A humanitarian volunteer from Ireland who was earlier this year arrested on suspicion of human trafficking in Greece has arrived back home on bail.

Sean Binder (24) of Doughcloyne, Togher, Co Cork, arrived at Dublin Airport today where he was met by his mother Fanny and a group of friends.

He travelled to Lesbos a year ago to assist refugees caught up in the humanitarian crisis in the Mediterranean.

The Trinity College Dublin and London School of Economics graduate said he is looking forward to Christmas but he added that the battle to prove his innocence is not over. 

Mr Binder decided to volunteer in Greece a year ago in order to get some hands-on experience having been involved through his studies in human rights and crisis in conflict areas. 

His arrest and detention, along with three other NGO volunteers, was unexpected. Mr Binder said that he had never experienced any hostility in Lesbos where he was carrying out humanitarian work with Emergency Response Centre International. 

The international relations graduate said he was baffled by his arrest.

"It is as if we did something criminal but I don't understand how it can be problematic or questionable to pull somebody who is drowning out of the water or to make sure that an elderly lady or man doesn't die of hypothermic shock. We were providing basic medical assistance," he said.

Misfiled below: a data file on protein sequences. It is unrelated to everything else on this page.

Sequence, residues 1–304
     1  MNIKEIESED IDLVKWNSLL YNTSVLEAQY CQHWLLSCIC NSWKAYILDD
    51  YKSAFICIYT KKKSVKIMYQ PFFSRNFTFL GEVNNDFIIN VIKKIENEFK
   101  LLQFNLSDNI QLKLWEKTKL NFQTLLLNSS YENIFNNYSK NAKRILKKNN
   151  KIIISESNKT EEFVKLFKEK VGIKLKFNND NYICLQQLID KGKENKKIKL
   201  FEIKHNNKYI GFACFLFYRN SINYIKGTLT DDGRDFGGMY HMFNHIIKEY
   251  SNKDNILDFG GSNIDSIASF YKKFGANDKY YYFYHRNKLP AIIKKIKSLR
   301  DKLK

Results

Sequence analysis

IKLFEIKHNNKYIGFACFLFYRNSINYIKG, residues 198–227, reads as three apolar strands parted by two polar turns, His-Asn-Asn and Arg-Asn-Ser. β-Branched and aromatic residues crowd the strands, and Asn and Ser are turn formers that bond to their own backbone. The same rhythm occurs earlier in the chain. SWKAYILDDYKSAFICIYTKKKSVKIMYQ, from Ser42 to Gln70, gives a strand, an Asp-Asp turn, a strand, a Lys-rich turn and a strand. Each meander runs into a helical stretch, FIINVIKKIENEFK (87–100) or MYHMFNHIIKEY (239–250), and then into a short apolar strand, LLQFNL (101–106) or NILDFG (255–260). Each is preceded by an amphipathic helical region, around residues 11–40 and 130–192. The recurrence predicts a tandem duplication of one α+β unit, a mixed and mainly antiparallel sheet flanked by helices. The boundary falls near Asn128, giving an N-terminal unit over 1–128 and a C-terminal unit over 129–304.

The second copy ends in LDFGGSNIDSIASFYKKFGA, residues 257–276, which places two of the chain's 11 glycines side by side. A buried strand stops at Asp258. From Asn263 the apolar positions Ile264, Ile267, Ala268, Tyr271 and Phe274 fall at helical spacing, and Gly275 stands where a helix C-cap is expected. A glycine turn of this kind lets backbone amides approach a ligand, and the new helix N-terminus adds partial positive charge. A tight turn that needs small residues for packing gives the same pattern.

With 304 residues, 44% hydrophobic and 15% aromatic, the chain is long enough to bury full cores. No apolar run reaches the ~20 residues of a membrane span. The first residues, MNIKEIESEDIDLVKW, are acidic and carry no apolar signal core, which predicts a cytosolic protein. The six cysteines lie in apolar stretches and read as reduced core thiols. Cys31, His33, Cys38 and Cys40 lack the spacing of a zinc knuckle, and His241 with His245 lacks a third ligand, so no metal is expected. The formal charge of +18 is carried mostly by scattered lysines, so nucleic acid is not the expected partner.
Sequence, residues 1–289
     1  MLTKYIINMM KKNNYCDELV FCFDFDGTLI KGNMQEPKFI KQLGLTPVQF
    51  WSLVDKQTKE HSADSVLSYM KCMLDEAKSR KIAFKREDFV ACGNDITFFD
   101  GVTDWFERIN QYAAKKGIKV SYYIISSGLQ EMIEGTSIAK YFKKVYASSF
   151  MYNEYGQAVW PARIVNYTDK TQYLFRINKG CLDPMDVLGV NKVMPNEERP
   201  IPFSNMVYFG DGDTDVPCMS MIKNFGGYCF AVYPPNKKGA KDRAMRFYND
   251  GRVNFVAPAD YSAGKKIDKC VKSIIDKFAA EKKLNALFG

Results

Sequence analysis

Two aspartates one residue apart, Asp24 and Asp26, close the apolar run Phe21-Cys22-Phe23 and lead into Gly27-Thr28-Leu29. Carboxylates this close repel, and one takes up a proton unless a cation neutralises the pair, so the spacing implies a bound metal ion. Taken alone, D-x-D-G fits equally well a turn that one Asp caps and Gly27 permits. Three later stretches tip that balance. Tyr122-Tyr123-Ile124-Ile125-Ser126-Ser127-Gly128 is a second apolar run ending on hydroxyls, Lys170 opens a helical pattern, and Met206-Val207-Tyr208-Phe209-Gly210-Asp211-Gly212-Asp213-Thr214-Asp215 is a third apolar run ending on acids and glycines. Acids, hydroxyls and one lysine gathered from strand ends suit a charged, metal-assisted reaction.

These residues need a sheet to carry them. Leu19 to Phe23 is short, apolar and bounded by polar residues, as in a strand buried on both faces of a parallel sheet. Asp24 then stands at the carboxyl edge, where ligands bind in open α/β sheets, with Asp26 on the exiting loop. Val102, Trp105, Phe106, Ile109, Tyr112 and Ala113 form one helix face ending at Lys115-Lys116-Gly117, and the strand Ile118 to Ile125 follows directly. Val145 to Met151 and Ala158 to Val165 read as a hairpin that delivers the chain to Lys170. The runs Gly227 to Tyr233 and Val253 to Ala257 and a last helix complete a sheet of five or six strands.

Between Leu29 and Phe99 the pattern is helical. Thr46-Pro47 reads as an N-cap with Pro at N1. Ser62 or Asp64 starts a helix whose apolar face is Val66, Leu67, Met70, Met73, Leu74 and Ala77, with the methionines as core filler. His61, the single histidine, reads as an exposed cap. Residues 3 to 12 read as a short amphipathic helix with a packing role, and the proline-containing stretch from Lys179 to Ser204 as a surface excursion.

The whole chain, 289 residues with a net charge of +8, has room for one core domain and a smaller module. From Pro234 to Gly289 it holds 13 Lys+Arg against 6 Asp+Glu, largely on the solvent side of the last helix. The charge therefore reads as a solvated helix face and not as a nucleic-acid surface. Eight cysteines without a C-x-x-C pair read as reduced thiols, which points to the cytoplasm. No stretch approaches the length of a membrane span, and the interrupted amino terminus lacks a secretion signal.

Mr Binder met with police in a voluntary capacity in August after being informed that he was a person of interest in relation to alleged criminal activities.

He and the three other NGO volunteers have spent the last three months in a Greek jail after they were accused of helping illegal migrants enter the country. 

Amnesty International in Ireland has said that they welcome the release of Mr Binder and his co-accused. However, they insist that smuggling charges against the humanitarian workers must be dropped.

In a statement they stressed that this this case "is the latest example of how authorities are misusing anti-smuggling laws to target activists.

Kondylia Gougou, Amnesty International’s Greece Researcher, said the fact that the volunteer workers "still face absurd charges and potentially long prison sentences is an outrage".

The volunteers are charged by the Greek authorities of several crimes, including being members of a criminal organisation, espionage, as well as facilitating the smuggling of migrants. A date has yet to be set for the trial.